Thursday, April 1, 2010

Stop Clapping

Why do people clap for the most mundane reasons? You've observed this phenomenon and I bet you haven't even noticed it. But it's becoming more and more obvious. We'll clap for anything and anybody these days.

I was at a Christian parenting seminar held at a religious high school. To help promote the school, several students were on the platform. One student did the evening's announcements. After she was done, the audience clapped. Hmmm! Another student prayed for the evening. More applause. I thought to myself, "Why are these people clapping? What did the students do that was so great that deserved the accolades of the audience? Are we that thoughtless in dishing out out praise? Did these students win silver or gold Olympic medals or something equivalent?

At another meeting I attended, the speaker thanked a dozen people for making the evening presentation possible. After everyone's name, there was a large round of applause (how boring). Yet some of these people were paid to do these jobs. Why are people clapping for the person who arranged for the evening's meal? Did they cook the food? Bring out the kitchen crew, and we'll clap for them.

Next we had to clap for each person who was a member of the board of directors. At this juncture, I refused to clap. I couldn't take it anymore. I feel like we are living life as if we're all guests on the Jay Leno or David Letterman show. The audience claps for each celebrity and adds applause for each media project they mention from the dais. It;'s nauseating at times. Why do celebrities deserve so much praise and adulation? What's so great about starring on a TV show or making a movie?

I think Leno and Letterman should interview everyday people as well who have accomplished other feats other than singing, dancing or acting. How about a few electricians, nurses or sanitation workers? Doesn't a sanitation worker deserve clapping for picking up your garbage? What if he didn't pick up your garbage for three straight weeks? Oh, you'd be clapping when he shows up week four to haul away your trash!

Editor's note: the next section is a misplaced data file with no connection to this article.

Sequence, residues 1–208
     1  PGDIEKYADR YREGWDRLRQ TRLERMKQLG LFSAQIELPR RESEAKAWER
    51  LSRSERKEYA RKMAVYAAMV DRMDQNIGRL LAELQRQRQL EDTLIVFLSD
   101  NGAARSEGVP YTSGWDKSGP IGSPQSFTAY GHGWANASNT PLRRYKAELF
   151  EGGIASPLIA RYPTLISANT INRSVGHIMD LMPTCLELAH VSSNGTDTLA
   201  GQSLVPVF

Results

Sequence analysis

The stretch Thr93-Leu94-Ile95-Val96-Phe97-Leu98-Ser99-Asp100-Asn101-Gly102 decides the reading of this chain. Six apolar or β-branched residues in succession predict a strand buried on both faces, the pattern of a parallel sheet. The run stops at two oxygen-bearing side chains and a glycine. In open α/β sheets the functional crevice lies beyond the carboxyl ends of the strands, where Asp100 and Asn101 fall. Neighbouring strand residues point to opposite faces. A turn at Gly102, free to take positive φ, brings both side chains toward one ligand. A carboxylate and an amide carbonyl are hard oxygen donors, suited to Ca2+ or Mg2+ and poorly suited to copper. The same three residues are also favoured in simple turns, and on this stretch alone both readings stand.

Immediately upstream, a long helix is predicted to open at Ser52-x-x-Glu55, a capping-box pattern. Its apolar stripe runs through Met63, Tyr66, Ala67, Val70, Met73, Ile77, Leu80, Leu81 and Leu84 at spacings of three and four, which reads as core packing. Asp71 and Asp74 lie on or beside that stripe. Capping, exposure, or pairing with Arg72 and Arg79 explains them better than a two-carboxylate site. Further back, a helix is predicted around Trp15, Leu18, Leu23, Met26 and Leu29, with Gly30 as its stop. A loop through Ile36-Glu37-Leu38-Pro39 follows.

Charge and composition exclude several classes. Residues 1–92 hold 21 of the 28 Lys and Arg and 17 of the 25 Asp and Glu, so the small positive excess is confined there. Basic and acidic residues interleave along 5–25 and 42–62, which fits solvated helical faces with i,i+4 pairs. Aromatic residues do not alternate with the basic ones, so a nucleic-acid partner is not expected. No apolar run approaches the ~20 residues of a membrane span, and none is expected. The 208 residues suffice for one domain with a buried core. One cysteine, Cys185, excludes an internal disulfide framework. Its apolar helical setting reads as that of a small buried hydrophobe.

We are a clapping society. We clap for kids at Little League games for almost anything they do on a baseball diamond such as not swinging at four pitches out of total fear and drawing a base on balls. We clap at kids for showing up at an school event out of obligation. "Let's hear it for Ms. Smith's fourth grade class." Why are we clapping?

Both of my sons received trophies for every baseball or basketball team they ever played on because they were on the team. They were awarded with a statuette even if they never won a game all year. Their bedrooms were always laden with what I called "showing-up trophies."

What's wrong with our culture that we throw trophies at our kids for doing practically nothing. Oh yes, we don't want to crush their self-esteem. Yet we don't mind over-inflating their self-esteem by taking away their sense of competition and rivalry.

One of my son's basketball coaches had the guts to not hand out a trophy to each member of the squad. Instead, he gave each kid a copy of Coach Wooden's book Wooden. The book contained memorable quotes from John Wooden's years of coaching several UCLA championship basketball teams. However, to the kids who excelled on the team, he handed out trophies and labeled each one describing their achievements. It was so meaningful that I clapped!

Let's quit the clapping for people who are simply doing their jobs or praising wives simply for being married to the evening's speaker. Is he that difficult of a person that the wife needs praise for the tolerating him?

In other words, we need to put back meaning into our applause.

One more thing, please don't clap for me merely because I wrote this article.

1 comment:

Anonymous said...

I'm generally annoyed by overzealous clapping too, but what if clapping has also become about about encouragement rather than recognition? I think it becomes much more reasonable if that is the case and, whether conscious or unconscious, I believe that that is, largely, what it has become in our culture.